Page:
Just as Roy Oswalt’s 1-1 pitch crossed the plate in the bottom of the fifth of Wednesday’s NLDS Game 4, a squirrel took off through the batter’s box, racing from the Cardinals dugout area across the field into the stands down the third-base line.
And Angel Hernandez was so distracted by the scene that he neglected to notice that Roy Oswalt had fired a strike.
The pitch was allowed to stand, but what was pretty clearly a strike on the inside corner was instead ruled a ball by Hernandez. Oswalt was upset initially because he thought Hernandez had ruled a dead ball; by the time he learned he was behind 2-1 in the count, he was clearly infuriated. After a discussion with Hernandez between the mound and the plate, he turned his head, mouthed “wow” and promptly got Skip Schumaker to hit a flyout to center for the second out of the inning.
Free agent right-hander Yovani Gallardo is headed back to the Brewers on a major league deal, The Athletic’s Ken Rosenthal reports. No other terms have been reported yet, as the agreement is still pending a physical.
Gallardo, 31, completed a one-year run with the Mariners before getting his $13 million option declined by the team last month. He provided little value during his time in Seattle, pitching to a 5-10 record in 22 starts and putting up a 5.72 ERA, 4.1 BB/9 and 6.5 SO/9 in 130 2/3 innings as both a starter and reliever.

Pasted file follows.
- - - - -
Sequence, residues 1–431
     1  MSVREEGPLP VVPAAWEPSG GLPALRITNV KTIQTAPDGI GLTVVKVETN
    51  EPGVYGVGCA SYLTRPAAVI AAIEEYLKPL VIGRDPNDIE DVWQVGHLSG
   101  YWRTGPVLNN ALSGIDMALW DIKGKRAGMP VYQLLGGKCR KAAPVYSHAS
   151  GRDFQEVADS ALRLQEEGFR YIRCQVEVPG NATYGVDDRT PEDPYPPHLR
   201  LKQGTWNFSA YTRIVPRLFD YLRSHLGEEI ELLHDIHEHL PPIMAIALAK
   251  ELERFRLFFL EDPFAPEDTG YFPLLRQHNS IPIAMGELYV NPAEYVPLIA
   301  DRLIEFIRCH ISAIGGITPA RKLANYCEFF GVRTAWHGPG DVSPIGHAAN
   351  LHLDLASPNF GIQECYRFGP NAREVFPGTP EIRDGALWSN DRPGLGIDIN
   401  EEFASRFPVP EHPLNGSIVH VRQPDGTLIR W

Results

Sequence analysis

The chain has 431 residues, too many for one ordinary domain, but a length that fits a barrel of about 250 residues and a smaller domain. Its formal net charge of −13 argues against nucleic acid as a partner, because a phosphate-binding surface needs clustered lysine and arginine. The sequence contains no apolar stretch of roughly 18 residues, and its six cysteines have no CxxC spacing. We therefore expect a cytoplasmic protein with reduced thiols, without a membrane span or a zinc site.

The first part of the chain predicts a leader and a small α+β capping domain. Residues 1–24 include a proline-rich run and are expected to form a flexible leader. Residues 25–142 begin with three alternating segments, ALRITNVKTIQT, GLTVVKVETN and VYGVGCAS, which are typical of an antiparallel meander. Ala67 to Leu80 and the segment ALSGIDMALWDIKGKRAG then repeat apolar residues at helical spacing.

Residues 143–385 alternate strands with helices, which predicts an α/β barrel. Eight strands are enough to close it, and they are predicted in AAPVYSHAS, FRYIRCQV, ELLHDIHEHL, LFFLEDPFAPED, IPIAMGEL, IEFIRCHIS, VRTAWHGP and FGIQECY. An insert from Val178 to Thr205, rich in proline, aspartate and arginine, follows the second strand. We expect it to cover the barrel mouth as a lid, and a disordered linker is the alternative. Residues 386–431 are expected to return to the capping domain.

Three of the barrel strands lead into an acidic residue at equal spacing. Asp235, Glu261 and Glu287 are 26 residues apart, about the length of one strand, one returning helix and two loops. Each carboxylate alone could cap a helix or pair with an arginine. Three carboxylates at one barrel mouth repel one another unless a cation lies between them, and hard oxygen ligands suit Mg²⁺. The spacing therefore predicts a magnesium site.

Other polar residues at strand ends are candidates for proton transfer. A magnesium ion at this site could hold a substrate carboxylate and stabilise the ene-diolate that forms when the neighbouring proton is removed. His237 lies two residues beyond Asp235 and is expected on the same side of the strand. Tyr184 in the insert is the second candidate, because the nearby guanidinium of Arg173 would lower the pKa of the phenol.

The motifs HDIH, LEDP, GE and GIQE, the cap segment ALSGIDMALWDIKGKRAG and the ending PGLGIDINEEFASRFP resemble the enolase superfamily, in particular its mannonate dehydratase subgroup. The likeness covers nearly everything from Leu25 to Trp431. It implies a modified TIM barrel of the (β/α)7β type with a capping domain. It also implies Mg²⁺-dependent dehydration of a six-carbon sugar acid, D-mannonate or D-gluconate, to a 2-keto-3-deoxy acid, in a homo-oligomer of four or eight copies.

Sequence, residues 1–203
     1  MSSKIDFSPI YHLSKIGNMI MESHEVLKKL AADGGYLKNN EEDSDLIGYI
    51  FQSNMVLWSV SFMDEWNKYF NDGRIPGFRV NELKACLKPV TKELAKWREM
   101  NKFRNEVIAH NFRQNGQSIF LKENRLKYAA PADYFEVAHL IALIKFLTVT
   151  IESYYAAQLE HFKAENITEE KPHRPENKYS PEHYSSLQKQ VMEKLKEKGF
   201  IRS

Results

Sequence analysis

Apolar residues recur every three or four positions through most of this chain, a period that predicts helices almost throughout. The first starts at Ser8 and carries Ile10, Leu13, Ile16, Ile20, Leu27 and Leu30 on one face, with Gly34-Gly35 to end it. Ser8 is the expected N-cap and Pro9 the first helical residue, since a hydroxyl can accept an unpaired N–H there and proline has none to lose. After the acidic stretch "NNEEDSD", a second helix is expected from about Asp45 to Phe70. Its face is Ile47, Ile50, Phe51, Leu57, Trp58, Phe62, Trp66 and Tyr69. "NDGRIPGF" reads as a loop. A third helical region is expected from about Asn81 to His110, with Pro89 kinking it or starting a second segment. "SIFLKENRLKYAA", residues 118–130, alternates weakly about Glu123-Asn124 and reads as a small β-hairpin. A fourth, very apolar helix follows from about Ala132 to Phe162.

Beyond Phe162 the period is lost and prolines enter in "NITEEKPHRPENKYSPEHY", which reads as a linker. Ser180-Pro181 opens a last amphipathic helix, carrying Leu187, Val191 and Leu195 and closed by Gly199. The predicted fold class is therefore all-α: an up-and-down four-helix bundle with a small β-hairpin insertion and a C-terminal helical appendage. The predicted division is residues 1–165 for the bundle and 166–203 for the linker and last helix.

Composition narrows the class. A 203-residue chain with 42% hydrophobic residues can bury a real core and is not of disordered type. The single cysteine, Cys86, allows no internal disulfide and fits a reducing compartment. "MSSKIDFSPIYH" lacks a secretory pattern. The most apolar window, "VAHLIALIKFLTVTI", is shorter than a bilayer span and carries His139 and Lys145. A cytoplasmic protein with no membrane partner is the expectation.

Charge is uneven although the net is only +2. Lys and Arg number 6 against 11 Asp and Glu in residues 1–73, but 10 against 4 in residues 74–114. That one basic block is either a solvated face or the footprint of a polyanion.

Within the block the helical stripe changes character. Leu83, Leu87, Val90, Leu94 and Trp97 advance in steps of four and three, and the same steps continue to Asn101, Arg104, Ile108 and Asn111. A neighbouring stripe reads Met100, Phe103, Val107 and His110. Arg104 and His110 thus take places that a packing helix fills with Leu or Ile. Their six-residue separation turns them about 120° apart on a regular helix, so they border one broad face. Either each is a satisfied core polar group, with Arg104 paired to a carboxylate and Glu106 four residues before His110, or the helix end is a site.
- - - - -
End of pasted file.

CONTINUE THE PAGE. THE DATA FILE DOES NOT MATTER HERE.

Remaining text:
Still, assuming the veteran righty is on the cusp of a comeback, he may as well try for it with his original club. Gallardo last appeared for the Brewers from 2007 to 2014, racking up a cumulative 20.8 fWAR and peaking during the 2010 season, when he earned his first All-Star nomination and Silver Slugger award. This will be his ninth career season with the club.
Even with Gallardo aboard, the Brewers are expected to continue deepening their pitching stores for 2018. With team ace Jimmy Nelson still recovering from shoulder surgery, the club will enter the season with a projected rotation of Gallardo, Zach Davies, Chase Anderson and Junior Guerra, the latter of whom pitched just 70 1/3 innings in 2017 following a right calf strain and shin contusion. Another big name pitcher could help cement Milwaukee’s rotation and keep them competitive for another year, though they don’t appear to have made any concrete moves in that direction so far.